Continuing onto the trailhead, you pass Elk Meadow Farms owned by Joe and Joy Baisch. As co-founders of Brinnon’s biggest fundraiser and festival- Shrimpfest (now expanded to FjordFest) in the early 1990s, proponents of hiking and lodging in the area, and continued supporters of the local school system, the Baischs have been central to the success of the Brinnon community. Check out this video interview of the Baischs by county commissioner Greg Brotherton for more history on the Dosewallips River Road and Elkhorn Campground.

Mile 7.5
From Dosewallips State Park

The paved road moves to gravel at a sign indicating 2 miles to Tunnel Creek Trail. This is a potholed, but manageable road. Prior to record flooding in January of 2002 that changed the route of the river and washed out nearly 300’ of road, travelers could access the Dosewallips Ranger Station via vehicle. A popular entry into the Olympic National Park, the Dosewallips River Road was the eastern gateway to the nearly impenetrable Olympic Mountains via one of the deepest canyons in the park.

The Wild Fish Conservancy, Port Gamble S’Klallam Tribe, and the Hood Canal Coordinating Council are spearheading efforts to restore salmon habitat along the river. While there was much debate about rebuilding the road, ultimately the cost to rebuild a road that would likely continue to sustain damage was unpalatable and many organizations did not support construction due to potential impact on native salmon, steelhead, and trout in the river.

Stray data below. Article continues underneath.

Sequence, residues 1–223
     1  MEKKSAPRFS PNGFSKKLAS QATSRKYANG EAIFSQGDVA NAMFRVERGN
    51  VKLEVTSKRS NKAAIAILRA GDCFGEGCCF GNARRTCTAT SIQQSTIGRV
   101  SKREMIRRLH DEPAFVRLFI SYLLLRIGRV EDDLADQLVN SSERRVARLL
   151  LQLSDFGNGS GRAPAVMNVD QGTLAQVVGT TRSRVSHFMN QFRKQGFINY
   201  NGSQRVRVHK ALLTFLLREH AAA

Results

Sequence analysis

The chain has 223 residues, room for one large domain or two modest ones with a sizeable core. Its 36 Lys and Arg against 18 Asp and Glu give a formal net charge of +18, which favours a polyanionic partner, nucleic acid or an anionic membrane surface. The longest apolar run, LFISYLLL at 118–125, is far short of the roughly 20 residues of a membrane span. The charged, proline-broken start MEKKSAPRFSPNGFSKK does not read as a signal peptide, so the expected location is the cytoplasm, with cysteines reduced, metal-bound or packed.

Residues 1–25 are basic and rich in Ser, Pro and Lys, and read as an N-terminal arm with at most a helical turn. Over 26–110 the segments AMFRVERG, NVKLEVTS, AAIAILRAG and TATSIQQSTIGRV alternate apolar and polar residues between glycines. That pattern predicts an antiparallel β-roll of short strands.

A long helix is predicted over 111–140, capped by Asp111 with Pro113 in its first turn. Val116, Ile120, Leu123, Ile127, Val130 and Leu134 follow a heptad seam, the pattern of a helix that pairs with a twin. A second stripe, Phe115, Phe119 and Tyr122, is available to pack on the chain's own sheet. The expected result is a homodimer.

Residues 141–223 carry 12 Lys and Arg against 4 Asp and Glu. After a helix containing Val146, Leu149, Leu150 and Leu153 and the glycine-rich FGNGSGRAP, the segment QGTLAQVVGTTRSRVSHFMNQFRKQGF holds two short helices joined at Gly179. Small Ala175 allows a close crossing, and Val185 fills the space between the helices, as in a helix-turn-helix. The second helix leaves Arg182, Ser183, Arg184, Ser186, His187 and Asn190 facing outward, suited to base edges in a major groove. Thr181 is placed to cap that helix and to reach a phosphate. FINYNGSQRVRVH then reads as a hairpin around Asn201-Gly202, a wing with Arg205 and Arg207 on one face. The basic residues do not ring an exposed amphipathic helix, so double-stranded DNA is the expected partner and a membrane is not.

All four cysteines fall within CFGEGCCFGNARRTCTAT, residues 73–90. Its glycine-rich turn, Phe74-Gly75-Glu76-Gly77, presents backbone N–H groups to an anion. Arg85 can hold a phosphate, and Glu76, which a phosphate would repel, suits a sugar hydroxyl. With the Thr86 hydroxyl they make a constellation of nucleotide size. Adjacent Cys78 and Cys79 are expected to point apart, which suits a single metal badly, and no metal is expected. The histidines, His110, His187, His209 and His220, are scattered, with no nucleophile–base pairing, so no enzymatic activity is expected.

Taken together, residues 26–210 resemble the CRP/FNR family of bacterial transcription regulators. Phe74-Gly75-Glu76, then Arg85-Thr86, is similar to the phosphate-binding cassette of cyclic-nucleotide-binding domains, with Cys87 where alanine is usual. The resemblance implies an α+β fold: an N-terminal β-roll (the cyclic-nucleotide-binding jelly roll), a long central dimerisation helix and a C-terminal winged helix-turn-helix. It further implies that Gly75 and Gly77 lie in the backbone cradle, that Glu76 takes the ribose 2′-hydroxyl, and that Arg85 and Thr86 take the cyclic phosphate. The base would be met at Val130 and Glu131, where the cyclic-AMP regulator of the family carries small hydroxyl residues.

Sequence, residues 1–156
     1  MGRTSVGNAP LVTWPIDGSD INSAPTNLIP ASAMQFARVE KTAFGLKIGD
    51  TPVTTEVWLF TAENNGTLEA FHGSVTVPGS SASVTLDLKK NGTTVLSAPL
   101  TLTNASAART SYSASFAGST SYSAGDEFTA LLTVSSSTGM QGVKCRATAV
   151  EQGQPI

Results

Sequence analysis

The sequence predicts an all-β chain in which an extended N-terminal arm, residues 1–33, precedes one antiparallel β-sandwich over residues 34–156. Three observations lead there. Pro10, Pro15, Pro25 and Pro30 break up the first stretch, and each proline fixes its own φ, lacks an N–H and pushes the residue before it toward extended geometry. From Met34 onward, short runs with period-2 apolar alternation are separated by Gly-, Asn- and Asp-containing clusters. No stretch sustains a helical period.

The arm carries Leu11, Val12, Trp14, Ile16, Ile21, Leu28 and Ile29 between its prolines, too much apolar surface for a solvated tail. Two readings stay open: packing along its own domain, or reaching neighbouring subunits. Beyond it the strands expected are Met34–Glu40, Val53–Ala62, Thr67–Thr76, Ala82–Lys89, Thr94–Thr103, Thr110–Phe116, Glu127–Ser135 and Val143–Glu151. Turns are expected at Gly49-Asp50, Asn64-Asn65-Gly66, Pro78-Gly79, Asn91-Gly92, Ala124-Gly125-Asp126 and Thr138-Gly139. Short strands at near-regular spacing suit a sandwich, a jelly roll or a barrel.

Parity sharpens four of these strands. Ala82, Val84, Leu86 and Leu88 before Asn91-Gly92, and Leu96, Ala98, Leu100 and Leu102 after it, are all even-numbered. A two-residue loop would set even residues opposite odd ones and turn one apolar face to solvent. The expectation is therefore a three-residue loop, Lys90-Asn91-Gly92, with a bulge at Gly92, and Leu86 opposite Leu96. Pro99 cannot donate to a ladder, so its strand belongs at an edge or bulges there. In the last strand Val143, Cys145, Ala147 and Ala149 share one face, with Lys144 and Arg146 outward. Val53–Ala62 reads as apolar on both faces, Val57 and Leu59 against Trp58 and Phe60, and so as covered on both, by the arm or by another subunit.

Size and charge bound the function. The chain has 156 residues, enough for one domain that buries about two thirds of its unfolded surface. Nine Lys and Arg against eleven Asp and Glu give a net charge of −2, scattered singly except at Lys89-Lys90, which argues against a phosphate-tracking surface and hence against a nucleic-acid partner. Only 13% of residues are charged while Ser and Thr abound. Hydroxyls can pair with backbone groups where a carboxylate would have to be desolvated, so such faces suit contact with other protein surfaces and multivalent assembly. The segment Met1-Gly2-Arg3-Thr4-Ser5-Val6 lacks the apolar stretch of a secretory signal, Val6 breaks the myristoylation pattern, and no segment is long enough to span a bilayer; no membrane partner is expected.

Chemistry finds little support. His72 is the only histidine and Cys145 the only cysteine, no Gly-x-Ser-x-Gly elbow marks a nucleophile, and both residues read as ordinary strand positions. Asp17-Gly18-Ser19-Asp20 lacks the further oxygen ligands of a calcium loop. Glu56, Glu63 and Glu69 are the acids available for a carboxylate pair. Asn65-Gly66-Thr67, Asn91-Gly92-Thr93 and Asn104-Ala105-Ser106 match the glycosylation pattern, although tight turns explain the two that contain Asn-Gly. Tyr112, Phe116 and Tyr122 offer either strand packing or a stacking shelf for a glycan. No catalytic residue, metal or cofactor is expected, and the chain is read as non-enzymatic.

Check out this article for more info about E-Bike Safety and Manners.

Mile 9.5
From Dosewallips State Park

Roadside (often congested) parking is available at the trailhead. No parking permit required, do not leave valuables in your vehicle. Leaving the small parking area with your bike, don’t be discouraged by the immediate gravelly stream bed before descending to the decommissioned road. You are likely to see many other visitors e-biking the Dosewallips River Road, but tuck a repair kit and basic survival items in your backpack just in case!

Use caution when rainy weather and snow melt could increase water levels of streams that cross the trail in a few places. The generally low elevation trail (520’ to 1540’) avoids heavy snowfall for much of the year, but this trail is most enjoyable June-November. Try to time your hike for the blooming rhododendrons in June! To your right (north) is the Buckhorn Wilderness, while the Brothers Wilderness borders the river to your left (south).

Mile 1.0
From Dosewallips Trailhead

Enjoy the smooth, easy first mile of the road before approaching the washout that closed the road. While you may be willing to drag your bike down the path along the river if the water is low enough (at the base of a large landslide), the more conservative route is to to ease your bike up the detour over the landslide (fork to the right). This path is wide and graded, with switchbacks that add about 100’ of elevation.

Sounds of the river and views of 5700’ Mount Jupiter surround this section of the trail. Past the washout and a wilderness register for backcountry camping, characteristics of the Olympic rainforest appear more prominently- a cool breeze blows over luxuriant mosses covering rocks and bigleaf maples line the nearby river. Horsetails, licorice ferns, mushrooms, and vanilla leaf compete for space on the damp forest floor. This is the perfect spot to (carefully) video yourself e-biking the Dosewallips River Road!

Mile 2.7
From Dosewallips Trailhead